‘Bruce Soord’ by Bruce Soord (Album)

26 November, 2015 in Music Reviews

Bruce Soord

Bruce Soord: both tree and singer have endured life’s constant weathering

The beautifully contemplative debut solo album from The Pineapple Thief frontman is bound to surprise and delight in equal measure

Bruce Soord album coverBest known as the frontman of progressive rock band The Pineapple Thief, Bruce Soord has been releasing music since the late 90s. Now comes his debut solo album and with it an opportunity for him to explore classic songwriting, without having to worry what long-term fans of his band might make of this less expansive sound.

Stylistically, the album evokes Beck and Ian Brown at their most contemplative, as well as traditionally introspective artists such as Elliott Smith and Epic Soundtracks. Inspiration for the songs came from the small town Soord grew up in, and the disappearance of the community he once knew. This theme lends the record a nostalgic undercurrent, which is both mournful of the past and strangely celebratory of it too.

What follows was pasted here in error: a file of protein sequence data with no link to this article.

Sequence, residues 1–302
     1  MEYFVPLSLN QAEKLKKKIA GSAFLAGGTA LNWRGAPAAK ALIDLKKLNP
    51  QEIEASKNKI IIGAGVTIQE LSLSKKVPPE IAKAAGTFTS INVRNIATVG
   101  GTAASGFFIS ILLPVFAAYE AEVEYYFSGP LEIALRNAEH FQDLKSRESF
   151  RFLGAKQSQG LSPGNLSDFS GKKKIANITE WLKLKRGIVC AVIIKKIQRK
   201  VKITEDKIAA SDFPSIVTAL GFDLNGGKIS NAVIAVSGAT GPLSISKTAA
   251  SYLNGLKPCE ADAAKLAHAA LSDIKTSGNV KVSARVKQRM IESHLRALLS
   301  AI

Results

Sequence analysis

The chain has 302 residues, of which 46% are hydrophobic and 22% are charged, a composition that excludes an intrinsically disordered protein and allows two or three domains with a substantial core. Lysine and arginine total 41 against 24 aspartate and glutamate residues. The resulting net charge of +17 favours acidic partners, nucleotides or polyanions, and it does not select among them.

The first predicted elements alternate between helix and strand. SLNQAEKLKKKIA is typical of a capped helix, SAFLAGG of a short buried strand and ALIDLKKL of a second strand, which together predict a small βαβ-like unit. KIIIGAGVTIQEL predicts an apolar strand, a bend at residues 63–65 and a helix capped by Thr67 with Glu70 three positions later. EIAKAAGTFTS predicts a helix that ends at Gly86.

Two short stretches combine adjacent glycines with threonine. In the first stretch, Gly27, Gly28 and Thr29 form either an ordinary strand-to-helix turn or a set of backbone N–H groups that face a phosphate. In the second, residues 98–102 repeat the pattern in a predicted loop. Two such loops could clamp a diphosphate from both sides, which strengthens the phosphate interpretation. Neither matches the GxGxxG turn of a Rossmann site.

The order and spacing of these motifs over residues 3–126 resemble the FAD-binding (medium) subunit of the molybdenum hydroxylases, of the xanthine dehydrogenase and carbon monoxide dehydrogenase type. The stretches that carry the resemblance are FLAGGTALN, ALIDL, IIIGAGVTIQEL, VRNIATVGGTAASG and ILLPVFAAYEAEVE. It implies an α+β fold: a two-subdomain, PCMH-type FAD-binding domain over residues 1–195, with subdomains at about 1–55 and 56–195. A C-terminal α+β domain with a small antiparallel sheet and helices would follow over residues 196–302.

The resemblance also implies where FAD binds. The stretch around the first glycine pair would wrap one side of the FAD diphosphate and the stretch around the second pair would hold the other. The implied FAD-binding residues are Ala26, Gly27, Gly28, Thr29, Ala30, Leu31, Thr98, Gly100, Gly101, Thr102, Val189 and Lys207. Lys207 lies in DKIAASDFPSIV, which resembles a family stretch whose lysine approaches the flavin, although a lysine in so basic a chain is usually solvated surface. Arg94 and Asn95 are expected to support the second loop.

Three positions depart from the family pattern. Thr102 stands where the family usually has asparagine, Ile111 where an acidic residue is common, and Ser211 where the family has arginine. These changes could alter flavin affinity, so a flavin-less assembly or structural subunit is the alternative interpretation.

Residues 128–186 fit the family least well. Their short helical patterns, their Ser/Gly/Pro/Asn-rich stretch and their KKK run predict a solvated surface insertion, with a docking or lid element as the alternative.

The opening two tracks give a clear indication of what is to follow. From the outset, Black Smoke introduces the sparse yet striking feel, a lonely piano accompanies the singer as he revisits old haunts. Buried Here is a defiant ballad praising the importance of wasted youth. Soord’s vocals are at the forefront of the sound, more than ever an important instrument in their own right.

There are plenty of other highlights. The surprisingly funky The Odds provides an important tempo shift, before leading into the distorted A Thousand Daggers. Willow Tree is a sublime centrepiece with Soord singing “you look at me now, as we fathom out how we survived the onslaught that the ages have wrought.” Both tree and singer have endured life’s constant weathering. Leaves Leave Me brings everything to a stirring conclusion and lingers long in the memory.

From start to finish, this is a cleverly constructed album brimming with beautiful arrangements and thoughtful lyrics. By stripping away some of The Pineapple Thief’s more bombastic elements, he has revealed himself to be a writer with a deft touch and considerable depth. Hopefully this won’t be the last time Soord shares this side with the world.

Verdict: An understated treasure

Duncan Haskell